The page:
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Preschool is the time when children first develop scissors skills. It is thus important that we provide the right materials and activities for them to help them learn. This article describes the various types of scissors to help you choose the best one for your students. It also suggests various strategies that you can use to help them learn and practice scissor use.
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Types of Scissors
Choosing the right scissors can help promote learning and safe practices. Children with special needs may need special scissors that can help them to cut in spite of deficits in strength or coordination.
Fiskar Scissors: These scissors have one hole for thumb and a larger hole for a few fingers. They are good for children to start learning.
Spring Scissors: These scissors open on their own after every snip. It is ideal for children who are learning to cut or children with special needs with hand function deficits.
Table Scissors: These scissors require the adult to guide the paper while your child presses down on the top of the scissors. The bottom of the scissor rests on the table. This scissor too, is very useful for special needs children with hand function difficulties.
Left Handed Scissors: These scissors are designed for left- handed students. The blade is positioned differently so that the student can see the line which they are cutting.
Training Scissors: This type of scissors has an additional pair of holes that a teacher can use to guide the child. They too are ideal for beginners and special needs children.
In addition, preschool scissors should be light, and must fit the hands of the child well. The blades should not be too tight or too loose. Scissors that allow more than one finger in one of the loops are more comfortable to use.
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Teaching Scissor Use Step- by Step
Scissor use develops in stages, and understanding these stages can help us to teach children. Here are the various stages, and the age at which they occur. Not all children in preschool learn to use scissors at the exact some time. Some children may develop them a little early, and some a little late. However, they all go through these stages. Providing activities that help them practice skills of the stage they are in, and introducing them to skills of the next stage, can help them learn scissor use without feeling overwhelmed.
Stage 1: Child learns to hold the scissors. (18- 19 Months)
Stage 2: The child learns to open and shut the scissors. (20- 23 Months)
Stage 3: The child learns to make random snips on paper (23-29 months)
Stage 4: The child learns to push the scissors forward to cut across a piece of paper (30-35 months)
Stage 5: The child cuts on a straight line (36-41 months)
Stage 6: The child learns to cut on a curved line (42-47 months)
Stage 7: The child cuts out simple shapes like circles and squares (42- 47 months)
Stage 8: The child cuts complex shapes and figures (48- 57 months)
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General teaching Strategies for Scissor Use
- Adapt paper thickness. Thick paper is easier to hold and cut. These work best for beginners learning to snip. Construction paper is good for practicing cutting on lines.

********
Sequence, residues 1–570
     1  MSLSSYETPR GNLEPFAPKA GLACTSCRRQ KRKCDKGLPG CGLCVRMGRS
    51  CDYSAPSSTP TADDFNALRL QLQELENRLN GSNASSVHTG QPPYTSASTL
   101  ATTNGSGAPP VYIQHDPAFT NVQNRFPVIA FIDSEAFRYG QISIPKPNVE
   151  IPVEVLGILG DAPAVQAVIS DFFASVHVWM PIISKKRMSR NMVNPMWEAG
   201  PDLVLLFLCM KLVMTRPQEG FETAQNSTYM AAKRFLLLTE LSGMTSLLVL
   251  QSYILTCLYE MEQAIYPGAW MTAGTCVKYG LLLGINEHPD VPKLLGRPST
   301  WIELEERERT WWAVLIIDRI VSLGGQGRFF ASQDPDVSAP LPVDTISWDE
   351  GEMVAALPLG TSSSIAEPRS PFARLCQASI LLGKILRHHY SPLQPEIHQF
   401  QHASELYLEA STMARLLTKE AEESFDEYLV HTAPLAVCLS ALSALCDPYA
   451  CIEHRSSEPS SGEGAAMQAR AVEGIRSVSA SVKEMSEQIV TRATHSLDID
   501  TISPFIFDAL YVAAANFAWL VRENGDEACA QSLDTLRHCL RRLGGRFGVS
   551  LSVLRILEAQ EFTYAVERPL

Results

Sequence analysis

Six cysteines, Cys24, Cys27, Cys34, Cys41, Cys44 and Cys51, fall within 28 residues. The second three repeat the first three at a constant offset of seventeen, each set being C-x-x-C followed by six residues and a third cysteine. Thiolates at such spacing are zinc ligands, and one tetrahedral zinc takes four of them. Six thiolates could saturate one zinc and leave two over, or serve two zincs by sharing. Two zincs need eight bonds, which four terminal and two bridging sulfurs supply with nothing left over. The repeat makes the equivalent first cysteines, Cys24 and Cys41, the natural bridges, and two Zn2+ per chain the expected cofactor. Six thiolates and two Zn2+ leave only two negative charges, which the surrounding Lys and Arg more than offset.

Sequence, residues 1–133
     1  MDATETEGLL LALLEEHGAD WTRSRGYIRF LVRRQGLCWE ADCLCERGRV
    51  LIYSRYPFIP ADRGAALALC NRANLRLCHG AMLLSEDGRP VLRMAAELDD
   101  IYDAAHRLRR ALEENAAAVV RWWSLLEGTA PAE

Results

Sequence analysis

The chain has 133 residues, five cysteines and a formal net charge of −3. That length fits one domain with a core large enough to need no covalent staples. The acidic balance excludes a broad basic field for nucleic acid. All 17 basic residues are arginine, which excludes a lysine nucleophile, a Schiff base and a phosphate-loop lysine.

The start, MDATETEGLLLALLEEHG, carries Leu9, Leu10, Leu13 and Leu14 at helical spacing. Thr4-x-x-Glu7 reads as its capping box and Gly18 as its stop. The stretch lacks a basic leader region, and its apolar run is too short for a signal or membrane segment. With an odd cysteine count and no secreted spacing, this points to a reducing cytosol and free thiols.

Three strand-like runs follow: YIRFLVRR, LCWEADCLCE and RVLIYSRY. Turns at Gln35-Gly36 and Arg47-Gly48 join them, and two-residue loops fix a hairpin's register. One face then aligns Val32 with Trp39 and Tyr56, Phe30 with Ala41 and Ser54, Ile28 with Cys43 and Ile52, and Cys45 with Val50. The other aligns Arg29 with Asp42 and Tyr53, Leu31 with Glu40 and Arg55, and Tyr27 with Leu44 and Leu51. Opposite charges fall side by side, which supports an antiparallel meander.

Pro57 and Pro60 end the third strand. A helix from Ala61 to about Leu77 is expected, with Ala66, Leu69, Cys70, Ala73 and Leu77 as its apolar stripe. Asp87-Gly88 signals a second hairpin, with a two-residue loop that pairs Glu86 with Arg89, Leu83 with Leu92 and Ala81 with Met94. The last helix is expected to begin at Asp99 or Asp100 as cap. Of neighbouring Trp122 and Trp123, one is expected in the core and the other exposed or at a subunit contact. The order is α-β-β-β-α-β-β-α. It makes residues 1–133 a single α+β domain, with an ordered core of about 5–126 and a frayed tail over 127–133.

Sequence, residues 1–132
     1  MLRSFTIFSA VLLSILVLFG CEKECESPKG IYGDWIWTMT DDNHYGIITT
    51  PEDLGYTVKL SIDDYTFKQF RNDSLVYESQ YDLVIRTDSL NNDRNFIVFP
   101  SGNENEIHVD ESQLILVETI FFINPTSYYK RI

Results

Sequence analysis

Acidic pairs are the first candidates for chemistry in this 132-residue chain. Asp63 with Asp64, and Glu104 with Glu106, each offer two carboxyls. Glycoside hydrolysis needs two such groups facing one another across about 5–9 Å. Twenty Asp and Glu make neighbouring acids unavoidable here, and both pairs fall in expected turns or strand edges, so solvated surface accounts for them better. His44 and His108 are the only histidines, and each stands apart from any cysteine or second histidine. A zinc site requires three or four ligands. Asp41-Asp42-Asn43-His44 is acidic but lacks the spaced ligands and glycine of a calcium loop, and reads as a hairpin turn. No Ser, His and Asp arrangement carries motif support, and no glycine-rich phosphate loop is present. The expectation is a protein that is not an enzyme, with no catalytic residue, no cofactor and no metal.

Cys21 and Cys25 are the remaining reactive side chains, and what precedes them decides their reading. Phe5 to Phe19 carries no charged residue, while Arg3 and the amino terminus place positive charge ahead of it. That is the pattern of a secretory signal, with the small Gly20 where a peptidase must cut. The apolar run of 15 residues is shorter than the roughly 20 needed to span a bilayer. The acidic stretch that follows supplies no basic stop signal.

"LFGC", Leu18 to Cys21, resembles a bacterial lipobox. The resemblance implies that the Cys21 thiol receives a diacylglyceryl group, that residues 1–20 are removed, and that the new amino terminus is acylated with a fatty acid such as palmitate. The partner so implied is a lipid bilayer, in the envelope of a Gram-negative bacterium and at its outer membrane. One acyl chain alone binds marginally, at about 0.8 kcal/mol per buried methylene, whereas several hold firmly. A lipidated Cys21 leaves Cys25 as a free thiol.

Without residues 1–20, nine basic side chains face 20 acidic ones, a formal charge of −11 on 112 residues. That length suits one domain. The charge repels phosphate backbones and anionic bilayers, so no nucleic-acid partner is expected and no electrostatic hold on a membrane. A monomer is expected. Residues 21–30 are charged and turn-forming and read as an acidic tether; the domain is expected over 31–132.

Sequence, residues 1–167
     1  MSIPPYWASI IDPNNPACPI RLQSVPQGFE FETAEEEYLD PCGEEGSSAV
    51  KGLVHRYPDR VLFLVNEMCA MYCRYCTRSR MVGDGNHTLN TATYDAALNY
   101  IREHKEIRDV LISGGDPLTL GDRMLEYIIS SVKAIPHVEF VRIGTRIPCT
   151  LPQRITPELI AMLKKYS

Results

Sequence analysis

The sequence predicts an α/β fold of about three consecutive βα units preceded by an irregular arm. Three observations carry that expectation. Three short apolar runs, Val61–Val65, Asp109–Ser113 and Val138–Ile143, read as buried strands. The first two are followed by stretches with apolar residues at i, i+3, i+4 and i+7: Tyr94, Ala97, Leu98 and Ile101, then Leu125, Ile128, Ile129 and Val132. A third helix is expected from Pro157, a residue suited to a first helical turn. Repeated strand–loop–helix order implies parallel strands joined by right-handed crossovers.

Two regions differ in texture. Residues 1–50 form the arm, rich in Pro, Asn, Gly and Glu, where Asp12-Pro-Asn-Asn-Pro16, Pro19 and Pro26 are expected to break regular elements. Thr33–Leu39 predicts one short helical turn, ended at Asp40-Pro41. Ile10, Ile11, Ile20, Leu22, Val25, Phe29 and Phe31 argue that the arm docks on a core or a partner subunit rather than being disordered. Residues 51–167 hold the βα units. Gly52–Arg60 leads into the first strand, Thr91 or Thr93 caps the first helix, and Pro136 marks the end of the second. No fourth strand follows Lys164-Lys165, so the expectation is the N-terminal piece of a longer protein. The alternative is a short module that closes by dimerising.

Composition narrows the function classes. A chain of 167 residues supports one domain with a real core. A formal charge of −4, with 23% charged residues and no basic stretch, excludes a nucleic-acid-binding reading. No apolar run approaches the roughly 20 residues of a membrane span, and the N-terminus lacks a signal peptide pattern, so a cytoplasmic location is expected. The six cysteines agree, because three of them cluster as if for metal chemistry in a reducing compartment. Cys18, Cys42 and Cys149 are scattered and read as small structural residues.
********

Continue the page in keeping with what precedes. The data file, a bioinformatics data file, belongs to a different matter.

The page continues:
- Grade paper width. When a child is starting to learn, use narrow strips of paper and have them cut on short lines across the width of the paper. Slowly increase the width, as they learn.
- Start teaching children by asking them to cut on thick, bold lines. As they master this skill, you can make the lines thinner.
- Help children to practice wavy and curved lines before they learn to cut shapes.
- Make it easier for children to handle paper by cutting off the excess paper on the sheet.
- When children in preschool learn to use scissors, don’t worry if they are messy and can’t cut neatly. Cutting is a skill that comes with a lot of practice, and will develop over time.
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Preschool Scissors Activities
The best way to motivate children to learn and develop their scissor skills is to provide lots of fun and interesting preschool scissors activities. Help them cut out strips of paper, or shapes on colored construction paper, and help them stick pierces together to make interesting art. You can add glitter glue, stickers, yarn or other materials to be creative. For children just learning to cut, glue the pieces of paper they have snipped and make designs. You can also glue together large strips of colored paper that have been snipped and hang them for decorations. A final activity that you can do is to give children colorful magazines and ask them to cut out pictures around a theme and glue them.
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Teaching Scissor Safety
Teaching scissor safety is a important part of teaching scissor use. When you first introduce scissors to the children discuss these rules, and make sure children follow them at all times.
- Teach children to wrap their fingers around closed blades with the blades pointing down.
- Make sure the children walk slowly while carrying scissors.
- Teach children to pass scissors by wrapping fingers loosely around the blades.
- Store scissors in a safe place and teach children to return scissors to a specific place after their work is done.
Hope these ideas help you to introduce scissors in a fun and safe way to preschool children.
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Calder, T. (2007). Developing Coordination for Scissor Skills. Super Duper Publications.
FISKARS. (n.d.). Children on the cutting edge. Retrieved from Fiskars.com: http://www.fiskars.com/pdfs/FR/156633_cut_poster.pdf
Northumberland Care Trust. (2009). Scissor Skills. Northumberland: NHS.
Sue Mahoney, A. M. (2004). Developing Scissor Skills – A Guide for Parents and Teachers. Essex: Peta (U.K.) Ltd.